Watch the video report from WTVR CBS 6 Photojournalist Ian Ramprashad.
RICHMOND, Va. -- Some know him as Jerome, but most folks affectionately call him the RVA Hot Dog Man, which is the name of his longtime business.
The Richmond native, who has been feeding thousands in the city for more than two decades, wants to continue his dream by upgrading his setup.
"I started with the vending machine and then once I did the vending, I started with a push cart hot dog stand. I went from that to a handmade wood trailer," Jerome Sanders said. "And now I want to go to the next level. This might be the final one. You know, I'm getting a little older now. I'm 57, so this right here is my dream, dream food truck."
But turning that dream into a reality is very expensive, so some of Sanders' friends at Main Line Brewery have created an online fundraiser to help outfit his "dream food truck."
Gary McDowell, Shelly McDowell and Sterling Roberts stepped into help since Sanders came to their rescue so many times.
"I can't tell you how many times he bailed us out during the summer," Gary McDowell said.
Shelly McDowell said Sanders "always has a smile on his face."
"And if someone comes and they don't have the money to pay he goes, 'Don't worry about it. We'll catch up next time,'" Shelly McDowell said.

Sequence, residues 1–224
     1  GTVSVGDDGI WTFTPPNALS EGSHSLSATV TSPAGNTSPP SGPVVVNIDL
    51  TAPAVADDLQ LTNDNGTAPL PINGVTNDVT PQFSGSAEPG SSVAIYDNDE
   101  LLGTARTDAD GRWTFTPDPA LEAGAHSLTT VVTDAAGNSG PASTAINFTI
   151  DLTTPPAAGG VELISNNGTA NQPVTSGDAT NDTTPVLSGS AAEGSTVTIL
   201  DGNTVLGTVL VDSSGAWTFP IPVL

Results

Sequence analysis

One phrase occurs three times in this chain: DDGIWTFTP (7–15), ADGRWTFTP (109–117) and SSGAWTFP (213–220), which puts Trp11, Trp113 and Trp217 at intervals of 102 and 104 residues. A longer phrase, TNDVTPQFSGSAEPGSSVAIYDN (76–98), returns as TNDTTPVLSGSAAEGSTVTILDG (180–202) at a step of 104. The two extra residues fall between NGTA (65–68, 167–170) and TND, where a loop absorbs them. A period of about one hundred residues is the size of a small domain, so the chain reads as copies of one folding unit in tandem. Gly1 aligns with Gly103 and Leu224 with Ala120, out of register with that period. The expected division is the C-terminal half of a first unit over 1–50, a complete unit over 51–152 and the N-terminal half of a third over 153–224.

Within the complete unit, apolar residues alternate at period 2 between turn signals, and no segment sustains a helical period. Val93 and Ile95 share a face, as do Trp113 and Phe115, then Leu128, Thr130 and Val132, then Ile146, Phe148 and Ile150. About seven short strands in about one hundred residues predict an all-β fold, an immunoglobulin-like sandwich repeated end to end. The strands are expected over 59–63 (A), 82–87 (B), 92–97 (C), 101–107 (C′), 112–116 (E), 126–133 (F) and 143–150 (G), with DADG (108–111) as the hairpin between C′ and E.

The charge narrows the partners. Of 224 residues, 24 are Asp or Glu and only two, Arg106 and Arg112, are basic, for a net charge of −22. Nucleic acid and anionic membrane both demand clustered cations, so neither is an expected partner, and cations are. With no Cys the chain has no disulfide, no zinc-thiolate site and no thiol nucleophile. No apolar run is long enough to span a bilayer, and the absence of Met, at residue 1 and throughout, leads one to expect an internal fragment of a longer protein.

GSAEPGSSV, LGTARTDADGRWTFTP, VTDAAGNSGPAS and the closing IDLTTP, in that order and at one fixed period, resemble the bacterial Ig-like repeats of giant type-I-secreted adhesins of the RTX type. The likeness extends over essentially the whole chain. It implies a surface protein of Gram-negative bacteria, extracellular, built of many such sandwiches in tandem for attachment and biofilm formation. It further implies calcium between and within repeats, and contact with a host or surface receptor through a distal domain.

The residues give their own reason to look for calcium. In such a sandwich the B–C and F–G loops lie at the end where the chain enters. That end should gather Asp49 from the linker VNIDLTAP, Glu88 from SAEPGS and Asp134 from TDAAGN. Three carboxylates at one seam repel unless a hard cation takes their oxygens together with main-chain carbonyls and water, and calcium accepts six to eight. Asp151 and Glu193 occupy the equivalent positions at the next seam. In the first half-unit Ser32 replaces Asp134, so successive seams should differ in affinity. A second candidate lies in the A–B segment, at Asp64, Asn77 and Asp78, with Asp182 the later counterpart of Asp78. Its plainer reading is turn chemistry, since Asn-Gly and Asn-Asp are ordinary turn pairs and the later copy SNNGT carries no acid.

McDowell said that while Sanders has purchased his food truck, she estimated that outfitting the kitchen will likely cost between $25,000 to $30,000.
"We didn't want him to have to foot that bill by himself," Gary McDowell said.
So the trio launched a GoFundMe campaign to outfit Jerome's truck.
"Jerome has a dream to upgrade from his current food trailer to a new food truck where he would be able to offer more food items to his menu," the fundraiser reads "He has purchased his new truck and has plans to remodel it all on his own! The most exciting addition Jerome would like to include in his new truck is installing deep fryers so that he can offer french fries, tater tots, corn-dogs, and an array of other delicious fried foods."
Sanders was floored by the gesture.
"Sterling said, 'Don't worry about it, buddy. We got you,'" Sanders remembered. "'We got you. You like family, we're going to take care of you. You took care of us, we're gonna take care of you.'"
Shelly McDowell said in retrospect they should have set a higher goal than $5,000.
"We just didn't want to sound greedy, but it's gonna take a lot more than $5,000 to get his truck geared up," Shelly McDowell said.
As of early Sunday, more than 120 people had donated more than $6,500 to help outfit the truck. By Sunday afternoon that total had climbed to more than $7,200 and by Monday morning 168 donors had contributed nearly $8,700.